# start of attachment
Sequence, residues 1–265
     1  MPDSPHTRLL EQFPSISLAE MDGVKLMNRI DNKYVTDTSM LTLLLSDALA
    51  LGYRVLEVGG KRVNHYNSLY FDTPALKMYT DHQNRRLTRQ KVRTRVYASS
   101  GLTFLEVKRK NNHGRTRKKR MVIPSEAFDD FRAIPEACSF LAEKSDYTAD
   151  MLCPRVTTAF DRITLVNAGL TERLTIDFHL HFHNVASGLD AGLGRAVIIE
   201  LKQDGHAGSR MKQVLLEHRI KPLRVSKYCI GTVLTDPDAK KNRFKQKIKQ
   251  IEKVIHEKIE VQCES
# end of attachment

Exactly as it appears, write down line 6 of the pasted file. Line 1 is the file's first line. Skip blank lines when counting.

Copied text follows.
   201  LKQDGHAGSR MKQVLLEHRI KPLRVSKYCI GTVLTDPDAK KNRFKQKIKQ